The shocking and painful reality hit me as my last child drove away to college: I will live without my children longer than I will live with them. I stood alone in the empty house and howled like a wounded beast. Then I blew my nose, grabbed my work gloves, and proceeded to convert my son's bedroom into a writing studio. Finally, Mama created her own space!
After decades of raising children and preparing them for the realities of the world, most women are jubilant when their young adults are without a criminal record and have employable skills beyond being a pole dancer at the Kit Kat Klub. For us, the empty nest is a positive experience because our children are doing fine on their own. So it's only proper that we encourage them to go find themselves so we can find ourselves again, too.
Of course, we'd like to assume that the successes of our children are due to our superior parenting skills, but we're also wise enough to know that a tremendous amount of luck and other nurturing people were involved to help Junior and Sis become productive adults. And we've shared countless tears with good mothers struggling with their children's drug addictions, chronic unemployment, physical and mental limitations, or abusive partners. We're also keenly aware that the dismal job market makes it difficult for our eager offspring to find good employment. That's why it's so exhilarating to celebrate when our young adult sons and daughters become self-sufficient. Once again, it took timid baby steps that evolved into an energetic run.
It was continual on-the-job training for me as I submerged twenty years of my life into the responsibilities, joys, and frustrations of raising two kids. I had never been a mother and they were new at being human, so we learned together. Now that they're grown and happy, I can look back at those years as a brief, marvelous moment in time when I first had the privilege to be their mother. Here are some suggestions for those apprehensive about facing life with an empty nest:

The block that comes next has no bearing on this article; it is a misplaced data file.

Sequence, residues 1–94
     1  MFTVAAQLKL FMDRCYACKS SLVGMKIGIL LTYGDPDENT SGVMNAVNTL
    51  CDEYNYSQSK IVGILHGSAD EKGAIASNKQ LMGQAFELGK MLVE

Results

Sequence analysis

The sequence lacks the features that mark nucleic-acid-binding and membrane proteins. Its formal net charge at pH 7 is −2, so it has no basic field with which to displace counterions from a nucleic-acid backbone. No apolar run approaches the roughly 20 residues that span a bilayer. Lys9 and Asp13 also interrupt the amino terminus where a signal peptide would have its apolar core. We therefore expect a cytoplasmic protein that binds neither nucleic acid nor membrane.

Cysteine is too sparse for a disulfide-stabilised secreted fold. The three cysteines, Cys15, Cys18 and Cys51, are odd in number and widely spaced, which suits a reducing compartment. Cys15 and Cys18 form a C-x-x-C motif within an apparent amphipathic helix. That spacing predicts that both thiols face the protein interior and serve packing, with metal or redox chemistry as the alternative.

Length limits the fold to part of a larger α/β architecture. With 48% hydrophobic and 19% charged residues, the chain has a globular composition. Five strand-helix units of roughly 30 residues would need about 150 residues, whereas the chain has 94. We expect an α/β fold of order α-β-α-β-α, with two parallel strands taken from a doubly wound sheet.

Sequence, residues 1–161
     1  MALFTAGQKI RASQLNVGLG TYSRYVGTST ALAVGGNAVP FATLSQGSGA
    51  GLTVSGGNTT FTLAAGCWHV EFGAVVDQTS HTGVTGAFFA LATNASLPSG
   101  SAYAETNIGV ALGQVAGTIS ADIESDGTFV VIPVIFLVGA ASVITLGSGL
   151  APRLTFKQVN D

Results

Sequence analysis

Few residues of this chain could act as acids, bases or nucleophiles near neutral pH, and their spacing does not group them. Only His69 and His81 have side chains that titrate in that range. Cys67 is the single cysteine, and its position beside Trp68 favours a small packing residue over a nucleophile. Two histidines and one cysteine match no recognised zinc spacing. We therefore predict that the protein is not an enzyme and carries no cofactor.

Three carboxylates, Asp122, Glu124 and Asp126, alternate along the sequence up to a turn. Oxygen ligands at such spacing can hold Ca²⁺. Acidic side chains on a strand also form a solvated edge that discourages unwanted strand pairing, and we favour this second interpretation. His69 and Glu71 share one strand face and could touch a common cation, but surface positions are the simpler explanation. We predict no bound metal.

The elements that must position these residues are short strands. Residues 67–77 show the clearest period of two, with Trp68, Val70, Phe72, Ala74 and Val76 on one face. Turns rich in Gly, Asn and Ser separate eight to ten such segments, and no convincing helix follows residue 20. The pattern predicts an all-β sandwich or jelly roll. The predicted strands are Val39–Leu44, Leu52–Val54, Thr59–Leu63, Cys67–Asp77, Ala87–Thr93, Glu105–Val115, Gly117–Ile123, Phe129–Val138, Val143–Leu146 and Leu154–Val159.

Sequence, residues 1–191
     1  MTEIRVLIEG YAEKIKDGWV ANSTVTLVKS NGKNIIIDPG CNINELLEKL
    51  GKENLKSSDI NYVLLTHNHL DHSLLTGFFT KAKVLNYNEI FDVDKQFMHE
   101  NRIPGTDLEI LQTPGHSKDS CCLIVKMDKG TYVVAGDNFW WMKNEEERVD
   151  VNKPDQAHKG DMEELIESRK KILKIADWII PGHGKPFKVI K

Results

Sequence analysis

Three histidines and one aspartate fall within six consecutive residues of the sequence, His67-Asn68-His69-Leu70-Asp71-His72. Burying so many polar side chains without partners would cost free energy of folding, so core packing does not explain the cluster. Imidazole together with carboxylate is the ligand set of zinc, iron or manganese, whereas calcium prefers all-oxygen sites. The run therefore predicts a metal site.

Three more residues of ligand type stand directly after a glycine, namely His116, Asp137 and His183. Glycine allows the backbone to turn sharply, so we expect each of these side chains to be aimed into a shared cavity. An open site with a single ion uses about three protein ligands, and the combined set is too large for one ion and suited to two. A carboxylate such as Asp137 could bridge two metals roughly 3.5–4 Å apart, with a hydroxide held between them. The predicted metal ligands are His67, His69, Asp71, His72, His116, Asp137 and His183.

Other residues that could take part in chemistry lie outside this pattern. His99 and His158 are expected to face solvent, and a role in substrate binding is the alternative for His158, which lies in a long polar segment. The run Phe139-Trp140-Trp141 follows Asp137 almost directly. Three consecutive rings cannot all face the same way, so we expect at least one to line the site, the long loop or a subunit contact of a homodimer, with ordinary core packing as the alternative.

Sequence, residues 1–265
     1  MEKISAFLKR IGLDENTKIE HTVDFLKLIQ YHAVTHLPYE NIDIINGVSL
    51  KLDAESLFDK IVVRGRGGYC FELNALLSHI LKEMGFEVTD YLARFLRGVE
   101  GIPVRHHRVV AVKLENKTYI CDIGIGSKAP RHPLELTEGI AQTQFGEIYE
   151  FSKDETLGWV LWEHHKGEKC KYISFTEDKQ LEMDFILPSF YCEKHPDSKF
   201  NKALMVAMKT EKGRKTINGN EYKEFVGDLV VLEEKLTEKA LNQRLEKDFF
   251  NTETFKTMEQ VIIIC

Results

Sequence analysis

Prepare for Parting. If your child is getting ready to move out, plan for a family vacation or adventure before he or she leaves. Celebrate the future and provide encouragement because your child may be just as apprehensive as you are. Wait a few days before you redecorate and reorganize the empty bedroom into a reading sanctuary, workout room, or craft studio. You finally have more time for yourself so pack their toys, paint the walls, and create your own space.
Give Them the True Gifts. Your children should leave home with the ability to survive. They need to know how to do laundry, balance a checkbook, cook a meal, and get a job. They also need to know that they'll always be welcomed home any time with open arms, a clean bed, and a warm meal waiting for them. And if you're fortunate, they'll come home and help with household chores. It's a wonder to witness such a magnificent transformation.
Reorganize your Life. Your world is different now and will never be the same. You need to assess your personal transition away from primary caregiver. Your children want you to be happy, and they don't need any guilt trips on their journey to independence. And no, you can't move into their dorm room and be best friends.
Don't Start "Pre-Grieving." There's an online website that offers links to regular blogs for people who are "pre-grieving." Even though their children are still at home, the parents already are starting to lament the time when their kids will leave home. With all due respect, it's time for these people to get a grip or seek professional assistance.
Relish Your Relationships. If you're married, now you have an opportunity to rekindle the dormant passion that remained on the back burner while you dedicated time to raising children. You may have to dig out the old photos, songs, and that French maid costume to remind you of a friskier time. If you're single, find some groups and organizations that cater to single men and women. Consider contacting old friends and planning an event similar to a college reunion, except without name tags or pleas for donations.
Related Resources. You can find information to assist with your transition from full house to empty nest. Check online for relevant books, organizations, articles, message boards, events, and services. You're not the first person to experience an empty nest, and you won't be the last. Instead of organizing a play date or preparing for a child's birthday party, maybe it's time to plan a celebration at Mom's Empty Nest.
After the last kid grows up and flies down the road to chart his or her own path, get ready for a new adventure. The house is quiet, you can sleep naked, and you don't need to hide your favorite ice cream behind the frozen ham hocks anymore. It's truly time for a party in the empty nest. The disco ball is optional.